The aircraft used during the search phase was a single-engine Seabee seaplane. After a few months, the original pilot was replaced by Lance McAfee, who brought in a larger Piaggio P. 136 L1 Royal Gull seaplane.

Like many team members, he accepted the job without knowing all the details.

“I haven’t been fully briefed,” he says. “They didn’t say it was a shipwreck. I was told it was a deep sea research project. It took maybe a month or two before I put the parts together.

When informed of the true purpose of the research, McAfee wanted to ensure that the focus would be in the right place.

“The party line – and I really accepted and took it – was that we didn’t want the term ‘treasure hunter’ to be used,” McAfee says. “We were doing research. The sinking was a huge human tragedy.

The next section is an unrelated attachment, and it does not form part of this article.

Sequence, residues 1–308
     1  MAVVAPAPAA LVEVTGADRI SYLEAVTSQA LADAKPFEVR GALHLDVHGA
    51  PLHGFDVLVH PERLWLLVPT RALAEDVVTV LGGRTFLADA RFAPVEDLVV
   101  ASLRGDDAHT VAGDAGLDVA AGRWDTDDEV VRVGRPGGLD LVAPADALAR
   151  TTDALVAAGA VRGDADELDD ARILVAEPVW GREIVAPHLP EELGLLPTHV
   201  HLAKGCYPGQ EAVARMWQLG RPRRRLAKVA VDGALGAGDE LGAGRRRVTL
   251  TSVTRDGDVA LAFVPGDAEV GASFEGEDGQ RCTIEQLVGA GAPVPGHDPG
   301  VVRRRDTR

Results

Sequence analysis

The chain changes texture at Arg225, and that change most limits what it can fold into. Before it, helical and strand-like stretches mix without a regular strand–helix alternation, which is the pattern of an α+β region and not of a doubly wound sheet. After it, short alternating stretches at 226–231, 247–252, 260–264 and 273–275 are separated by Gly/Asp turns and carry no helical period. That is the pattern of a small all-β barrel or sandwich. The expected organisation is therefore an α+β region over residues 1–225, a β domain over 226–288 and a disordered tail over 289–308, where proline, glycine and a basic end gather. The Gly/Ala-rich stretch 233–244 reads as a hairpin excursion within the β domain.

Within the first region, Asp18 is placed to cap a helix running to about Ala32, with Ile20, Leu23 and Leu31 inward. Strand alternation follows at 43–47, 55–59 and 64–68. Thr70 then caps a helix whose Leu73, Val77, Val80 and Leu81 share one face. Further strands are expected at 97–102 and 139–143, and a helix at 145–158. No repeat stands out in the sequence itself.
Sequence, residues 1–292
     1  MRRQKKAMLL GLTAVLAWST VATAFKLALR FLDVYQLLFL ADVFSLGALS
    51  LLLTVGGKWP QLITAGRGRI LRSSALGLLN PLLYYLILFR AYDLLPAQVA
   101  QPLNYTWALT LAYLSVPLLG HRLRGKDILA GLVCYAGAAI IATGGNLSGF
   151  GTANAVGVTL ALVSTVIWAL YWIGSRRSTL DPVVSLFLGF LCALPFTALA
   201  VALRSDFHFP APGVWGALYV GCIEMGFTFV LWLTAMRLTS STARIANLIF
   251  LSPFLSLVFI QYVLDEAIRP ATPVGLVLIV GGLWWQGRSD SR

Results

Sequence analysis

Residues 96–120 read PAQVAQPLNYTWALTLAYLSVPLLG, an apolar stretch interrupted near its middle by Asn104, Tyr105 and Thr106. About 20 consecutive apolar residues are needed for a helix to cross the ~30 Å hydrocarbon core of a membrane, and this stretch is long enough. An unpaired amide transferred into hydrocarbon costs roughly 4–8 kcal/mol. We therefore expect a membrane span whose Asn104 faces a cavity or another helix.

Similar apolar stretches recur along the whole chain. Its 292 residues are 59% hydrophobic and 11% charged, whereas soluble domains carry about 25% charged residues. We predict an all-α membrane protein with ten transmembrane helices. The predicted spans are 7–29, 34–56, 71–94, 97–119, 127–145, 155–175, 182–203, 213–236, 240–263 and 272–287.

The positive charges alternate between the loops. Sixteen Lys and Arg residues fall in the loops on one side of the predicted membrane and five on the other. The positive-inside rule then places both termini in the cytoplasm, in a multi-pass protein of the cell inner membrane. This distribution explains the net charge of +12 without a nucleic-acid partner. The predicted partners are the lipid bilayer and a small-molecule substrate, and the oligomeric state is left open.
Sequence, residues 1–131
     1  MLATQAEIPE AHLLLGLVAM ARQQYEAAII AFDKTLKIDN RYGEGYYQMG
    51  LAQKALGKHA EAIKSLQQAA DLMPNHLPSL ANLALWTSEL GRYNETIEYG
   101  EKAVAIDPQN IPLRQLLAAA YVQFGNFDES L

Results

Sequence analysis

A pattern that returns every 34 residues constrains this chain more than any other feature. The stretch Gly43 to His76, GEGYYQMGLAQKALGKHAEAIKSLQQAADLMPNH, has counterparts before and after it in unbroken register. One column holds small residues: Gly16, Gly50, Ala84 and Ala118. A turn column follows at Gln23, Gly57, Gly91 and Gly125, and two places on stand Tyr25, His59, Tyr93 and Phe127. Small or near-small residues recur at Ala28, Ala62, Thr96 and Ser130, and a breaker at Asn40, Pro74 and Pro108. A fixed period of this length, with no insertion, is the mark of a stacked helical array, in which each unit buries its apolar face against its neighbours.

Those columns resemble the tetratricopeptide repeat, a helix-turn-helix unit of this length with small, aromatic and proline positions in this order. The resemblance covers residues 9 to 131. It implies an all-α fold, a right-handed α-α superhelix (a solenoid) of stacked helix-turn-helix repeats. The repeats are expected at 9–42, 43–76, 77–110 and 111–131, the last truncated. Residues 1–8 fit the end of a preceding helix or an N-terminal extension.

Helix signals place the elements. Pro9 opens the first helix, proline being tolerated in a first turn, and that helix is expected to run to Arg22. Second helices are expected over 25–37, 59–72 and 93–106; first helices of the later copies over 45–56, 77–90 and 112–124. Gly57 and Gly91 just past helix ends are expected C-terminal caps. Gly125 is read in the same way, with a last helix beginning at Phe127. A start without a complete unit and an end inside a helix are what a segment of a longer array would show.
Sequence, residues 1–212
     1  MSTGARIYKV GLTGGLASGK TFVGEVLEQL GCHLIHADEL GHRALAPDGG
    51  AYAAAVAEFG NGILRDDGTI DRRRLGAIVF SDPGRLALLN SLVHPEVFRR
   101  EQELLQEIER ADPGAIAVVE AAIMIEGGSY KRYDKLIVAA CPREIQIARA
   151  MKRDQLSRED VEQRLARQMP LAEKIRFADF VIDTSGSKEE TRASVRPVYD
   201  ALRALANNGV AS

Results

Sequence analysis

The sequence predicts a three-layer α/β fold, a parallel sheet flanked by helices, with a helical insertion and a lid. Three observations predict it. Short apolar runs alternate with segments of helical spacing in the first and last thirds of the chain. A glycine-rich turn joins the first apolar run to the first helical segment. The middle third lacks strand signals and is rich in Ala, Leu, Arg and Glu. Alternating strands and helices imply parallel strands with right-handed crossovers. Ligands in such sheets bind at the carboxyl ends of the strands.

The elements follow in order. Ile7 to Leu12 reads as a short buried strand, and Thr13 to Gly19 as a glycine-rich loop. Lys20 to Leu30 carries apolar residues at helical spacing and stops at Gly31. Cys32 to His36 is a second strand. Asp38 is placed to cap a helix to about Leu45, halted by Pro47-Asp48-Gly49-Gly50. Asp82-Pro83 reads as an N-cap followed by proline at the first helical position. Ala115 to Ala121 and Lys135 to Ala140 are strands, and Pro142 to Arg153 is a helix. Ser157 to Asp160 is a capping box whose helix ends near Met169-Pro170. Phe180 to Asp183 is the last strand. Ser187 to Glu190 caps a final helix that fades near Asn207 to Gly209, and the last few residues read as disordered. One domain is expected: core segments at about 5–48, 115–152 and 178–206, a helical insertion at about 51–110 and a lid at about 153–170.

McAfee would ferry gear to the Arctic Discoverer, a 180-foot fishing boat outfitted as a research vessel that would be at the wreck site for up to a month at a time.

“It was spare parts, cigarettes, toothpaste, mail and magazines, and ‘please God, bring us a new movie,'” McAfee says. “I would take him out in the seaplane and dump him.”

It wasn’t a high-tech delivery. Supplies were placed in sealed barrels that could float.

“From takeoff to ship, it took just under two hours,” says McAfee. “We would open the door and what I called my bomber would throw the thing. I’d be 20 feet out of the water, door open, flaps down, stall warning blaring. As he threw it, I circled back for the second run.

Food and larger supplies were taken to the 56ft aluminum-hulled boat which was moored at Seapath Marina.

Keep it arctic discoverer at the wreck site was another technological achievement.

“They attached the navigation to the ship and had two motors that could rotate,” says Cherry. “They developed a propulsion system that hovered over the wreckage for a month at a time. That was the brilliant part of it. It was a pretty scientific endeavor.